The only downer was that the Bearded Iris had given us their best show ever, a true extravaganza for the three weeks or so prior to the visit. On the day just one bloom remained to show everyone what they had missed. Gardeners always say “You should have come last week.” and for us this may well have been true, at least where the Iris were concerned.

Our next big day is our NGS Open Day on the 3rd August so we are hoping we can maintain interest in the borders until then. A second mini-group of Shropshire Hardy Planters will be visitors a month after that so we will have to be “on our toes” for a while yet!

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Three Welsh Gardens – Part Three – A Garden of Two Halves

We visited another garden in the countryside of Powis, our neighbouring county. It proved to be very much a garden of two halves. We approached “Cil y Wennol” on foot up a gently sloping curved driveway with trees on both sides dotted around in grass. Closer to the more formal front garden there were interesting land forms with a small meadow facing the sun on an embankment. Moon Daisies shone out almost glaring in the sunshine. As you have gathered from that statement we were experiencing bright sunshine.

This Betula with its beautifully coloured peeling bark had enticed us up the long drive where we were greeted by this bank of smiling daisies.

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The front garden was a typical cottage style with interesting plants such as Astrantias, Lilies and Irises dotted throughout.

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We had now realised that we had visited this garden years ago so we were not surprised by the sudden change in the garden design that greeted us as we entered the back garden. Here the design was much more modern. It was a garden to explore slowly taking advantage of the invitations presented through good design.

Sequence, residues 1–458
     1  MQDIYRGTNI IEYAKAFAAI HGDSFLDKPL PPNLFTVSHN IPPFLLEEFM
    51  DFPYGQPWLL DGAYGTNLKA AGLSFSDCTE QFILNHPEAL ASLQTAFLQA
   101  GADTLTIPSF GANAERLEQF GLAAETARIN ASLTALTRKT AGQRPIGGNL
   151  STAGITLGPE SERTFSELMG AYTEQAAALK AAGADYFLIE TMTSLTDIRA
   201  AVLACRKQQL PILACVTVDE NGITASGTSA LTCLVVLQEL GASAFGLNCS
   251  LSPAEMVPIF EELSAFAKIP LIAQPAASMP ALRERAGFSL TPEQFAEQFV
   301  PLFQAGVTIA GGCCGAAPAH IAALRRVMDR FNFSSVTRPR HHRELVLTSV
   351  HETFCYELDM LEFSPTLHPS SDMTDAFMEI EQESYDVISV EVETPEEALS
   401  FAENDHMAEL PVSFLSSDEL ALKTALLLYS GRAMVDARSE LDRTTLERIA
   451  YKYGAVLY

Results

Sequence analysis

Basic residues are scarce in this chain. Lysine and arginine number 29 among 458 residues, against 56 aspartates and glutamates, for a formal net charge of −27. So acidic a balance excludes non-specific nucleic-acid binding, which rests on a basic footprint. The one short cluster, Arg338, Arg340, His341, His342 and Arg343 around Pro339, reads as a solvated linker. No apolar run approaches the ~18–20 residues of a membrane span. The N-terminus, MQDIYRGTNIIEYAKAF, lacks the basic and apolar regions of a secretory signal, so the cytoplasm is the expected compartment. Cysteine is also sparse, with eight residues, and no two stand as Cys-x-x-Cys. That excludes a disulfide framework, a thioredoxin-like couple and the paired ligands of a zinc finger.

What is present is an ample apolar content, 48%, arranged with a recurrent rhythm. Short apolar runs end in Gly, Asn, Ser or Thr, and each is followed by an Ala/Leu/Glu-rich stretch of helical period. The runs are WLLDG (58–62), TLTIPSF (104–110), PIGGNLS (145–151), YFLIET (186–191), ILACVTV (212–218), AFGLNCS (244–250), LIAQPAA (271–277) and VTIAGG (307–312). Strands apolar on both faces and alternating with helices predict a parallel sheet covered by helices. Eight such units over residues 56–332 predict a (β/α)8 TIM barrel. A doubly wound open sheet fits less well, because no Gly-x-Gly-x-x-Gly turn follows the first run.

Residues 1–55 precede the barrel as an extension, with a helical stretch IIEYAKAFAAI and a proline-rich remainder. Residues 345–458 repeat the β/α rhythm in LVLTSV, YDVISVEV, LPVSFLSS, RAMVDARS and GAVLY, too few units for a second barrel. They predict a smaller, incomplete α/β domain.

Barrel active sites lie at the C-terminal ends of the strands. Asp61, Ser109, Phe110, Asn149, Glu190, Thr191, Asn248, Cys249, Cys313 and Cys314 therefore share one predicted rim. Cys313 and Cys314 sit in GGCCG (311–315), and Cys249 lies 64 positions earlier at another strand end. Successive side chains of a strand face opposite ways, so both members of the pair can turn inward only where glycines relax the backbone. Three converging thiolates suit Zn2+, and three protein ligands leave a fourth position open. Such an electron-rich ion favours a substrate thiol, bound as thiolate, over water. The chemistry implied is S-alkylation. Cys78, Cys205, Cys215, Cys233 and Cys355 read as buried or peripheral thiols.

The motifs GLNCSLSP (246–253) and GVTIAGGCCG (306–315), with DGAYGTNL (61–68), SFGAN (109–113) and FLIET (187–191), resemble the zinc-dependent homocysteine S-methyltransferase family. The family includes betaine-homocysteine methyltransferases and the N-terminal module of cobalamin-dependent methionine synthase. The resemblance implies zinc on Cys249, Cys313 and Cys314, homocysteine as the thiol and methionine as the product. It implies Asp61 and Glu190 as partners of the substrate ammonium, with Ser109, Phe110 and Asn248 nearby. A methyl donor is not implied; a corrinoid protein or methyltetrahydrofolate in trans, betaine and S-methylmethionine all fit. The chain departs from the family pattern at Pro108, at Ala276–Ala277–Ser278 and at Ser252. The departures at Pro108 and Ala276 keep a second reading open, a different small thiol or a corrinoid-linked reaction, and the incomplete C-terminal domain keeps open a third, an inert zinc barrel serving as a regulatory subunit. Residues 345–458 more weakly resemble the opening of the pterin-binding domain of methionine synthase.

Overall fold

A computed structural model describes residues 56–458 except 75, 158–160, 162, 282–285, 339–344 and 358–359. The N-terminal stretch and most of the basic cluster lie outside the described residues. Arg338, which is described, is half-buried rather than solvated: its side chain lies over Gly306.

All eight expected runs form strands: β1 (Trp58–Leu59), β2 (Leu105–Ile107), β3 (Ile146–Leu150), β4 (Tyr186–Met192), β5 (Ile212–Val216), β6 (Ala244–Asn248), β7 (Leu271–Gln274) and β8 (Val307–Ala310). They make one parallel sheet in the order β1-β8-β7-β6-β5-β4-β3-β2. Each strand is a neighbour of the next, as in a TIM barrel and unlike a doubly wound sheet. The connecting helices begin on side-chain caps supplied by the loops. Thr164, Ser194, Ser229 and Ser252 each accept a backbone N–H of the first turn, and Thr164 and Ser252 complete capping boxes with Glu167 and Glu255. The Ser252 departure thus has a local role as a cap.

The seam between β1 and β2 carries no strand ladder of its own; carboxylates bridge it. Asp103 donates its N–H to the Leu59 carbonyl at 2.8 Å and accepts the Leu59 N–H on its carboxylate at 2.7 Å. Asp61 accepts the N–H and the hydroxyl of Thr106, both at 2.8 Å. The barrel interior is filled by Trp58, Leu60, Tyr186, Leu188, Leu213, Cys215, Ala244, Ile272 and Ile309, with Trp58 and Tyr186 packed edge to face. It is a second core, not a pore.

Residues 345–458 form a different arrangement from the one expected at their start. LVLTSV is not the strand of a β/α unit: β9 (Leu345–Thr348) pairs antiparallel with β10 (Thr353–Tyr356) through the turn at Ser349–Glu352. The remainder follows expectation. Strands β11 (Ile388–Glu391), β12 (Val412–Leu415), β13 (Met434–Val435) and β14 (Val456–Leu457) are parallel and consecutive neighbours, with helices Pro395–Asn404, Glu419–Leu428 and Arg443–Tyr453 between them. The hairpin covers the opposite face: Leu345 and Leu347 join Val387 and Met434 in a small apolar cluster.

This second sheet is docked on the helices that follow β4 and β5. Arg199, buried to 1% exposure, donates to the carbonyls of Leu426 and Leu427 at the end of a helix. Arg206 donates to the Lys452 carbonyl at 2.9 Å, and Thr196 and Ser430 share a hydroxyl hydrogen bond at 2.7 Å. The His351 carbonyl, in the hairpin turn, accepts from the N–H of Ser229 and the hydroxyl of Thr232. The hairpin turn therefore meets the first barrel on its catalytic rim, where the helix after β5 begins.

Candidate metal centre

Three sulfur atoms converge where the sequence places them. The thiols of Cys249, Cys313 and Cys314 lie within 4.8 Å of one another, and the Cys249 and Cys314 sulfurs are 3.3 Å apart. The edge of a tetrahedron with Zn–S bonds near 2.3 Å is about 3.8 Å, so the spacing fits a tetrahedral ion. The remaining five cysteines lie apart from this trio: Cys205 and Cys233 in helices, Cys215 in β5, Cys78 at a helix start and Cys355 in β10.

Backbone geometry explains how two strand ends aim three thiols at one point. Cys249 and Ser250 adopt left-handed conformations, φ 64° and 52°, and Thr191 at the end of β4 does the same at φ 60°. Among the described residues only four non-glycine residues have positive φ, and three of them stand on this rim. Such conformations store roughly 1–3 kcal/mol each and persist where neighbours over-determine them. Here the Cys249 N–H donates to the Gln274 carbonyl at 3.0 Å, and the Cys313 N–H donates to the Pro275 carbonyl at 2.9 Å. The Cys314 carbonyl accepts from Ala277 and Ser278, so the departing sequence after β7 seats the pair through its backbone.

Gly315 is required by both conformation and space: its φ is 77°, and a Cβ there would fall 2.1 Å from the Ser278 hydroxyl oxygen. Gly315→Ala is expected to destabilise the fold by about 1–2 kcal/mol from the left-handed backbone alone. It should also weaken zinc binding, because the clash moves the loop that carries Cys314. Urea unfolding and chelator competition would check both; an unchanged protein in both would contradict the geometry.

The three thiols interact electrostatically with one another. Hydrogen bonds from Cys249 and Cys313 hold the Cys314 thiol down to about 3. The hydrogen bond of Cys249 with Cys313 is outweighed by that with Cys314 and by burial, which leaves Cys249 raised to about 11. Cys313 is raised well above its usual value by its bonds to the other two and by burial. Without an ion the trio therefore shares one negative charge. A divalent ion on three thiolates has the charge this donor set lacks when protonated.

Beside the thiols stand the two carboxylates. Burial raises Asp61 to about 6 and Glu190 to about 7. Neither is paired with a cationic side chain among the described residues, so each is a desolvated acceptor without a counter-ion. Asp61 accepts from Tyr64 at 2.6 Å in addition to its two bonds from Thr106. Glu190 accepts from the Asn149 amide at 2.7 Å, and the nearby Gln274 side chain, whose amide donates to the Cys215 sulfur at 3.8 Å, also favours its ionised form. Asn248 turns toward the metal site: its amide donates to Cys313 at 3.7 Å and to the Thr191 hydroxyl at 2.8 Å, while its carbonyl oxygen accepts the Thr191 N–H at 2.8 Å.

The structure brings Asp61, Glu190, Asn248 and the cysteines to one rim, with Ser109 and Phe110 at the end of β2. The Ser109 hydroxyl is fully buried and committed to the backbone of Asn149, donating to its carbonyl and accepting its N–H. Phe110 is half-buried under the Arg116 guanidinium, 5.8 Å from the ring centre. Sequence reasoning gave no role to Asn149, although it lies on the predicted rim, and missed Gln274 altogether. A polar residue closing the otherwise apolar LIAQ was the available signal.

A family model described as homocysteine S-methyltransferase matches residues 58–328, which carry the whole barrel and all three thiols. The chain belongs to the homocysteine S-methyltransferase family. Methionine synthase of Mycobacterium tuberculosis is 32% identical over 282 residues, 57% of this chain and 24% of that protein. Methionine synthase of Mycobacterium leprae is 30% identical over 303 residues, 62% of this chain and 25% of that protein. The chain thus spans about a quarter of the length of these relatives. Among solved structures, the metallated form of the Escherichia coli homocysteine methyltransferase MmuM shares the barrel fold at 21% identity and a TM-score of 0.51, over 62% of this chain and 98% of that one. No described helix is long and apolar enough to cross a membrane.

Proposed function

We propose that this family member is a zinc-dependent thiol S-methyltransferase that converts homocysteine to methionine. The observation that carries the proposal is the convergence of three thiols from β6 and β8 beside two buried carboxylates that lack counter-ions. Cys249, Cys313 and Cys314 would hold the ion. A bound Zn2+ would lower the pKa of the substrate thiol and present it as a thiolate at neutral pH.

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One path invited us into woodland, a relief for a while from the brightness and warmth of the sun. We were impressed by how a beautiful woodland can be created with the commonest of tree species. It proved you don’t have to have rarities to impress. Here the gardeners grew just native Birches, Rowans, Cherries and a few non-natives to add a touch of spice. A lovely atmosphere pervaded this space.

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Leaving the woodland we were again presented with several options, different paths to take with different views and different plants.

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Closer to the house a gravel area gave a completely different feel. Here were neatly trimmed conifers and Cotinus with their skirts lifted to expose twisted limbs. Soft planting among these features reflected the planting in the nearby borders.

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Moving around the side of the property we found another path to take through gap in the hedge where we discovered a swimming pool overlooked by a summerhouse.

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We walked from here along a narrow path below a wall with soft planting above, beautifully backlit by the sun.

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This was most definitely a garden of many parts beautifully linked with winding paths found through enticing arches and gaps in hedging.


Leaving the garden along the central pathway of the front cottage garden we enjoyed the view behind this wonderful gate. A great garden – it was good to return.


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arboreta Banbury climbing plants colours garden design garden photography gardening gardens open to the public half-hardy perennials hardy perennials meadows National Garden Scheme NGS ornamental trees and shrubs outdoor sculpture Oxfordshire photography poppies shrubs The National Gardening Scheme" trees walled gardens

Broughton Grange – a walled garden plus.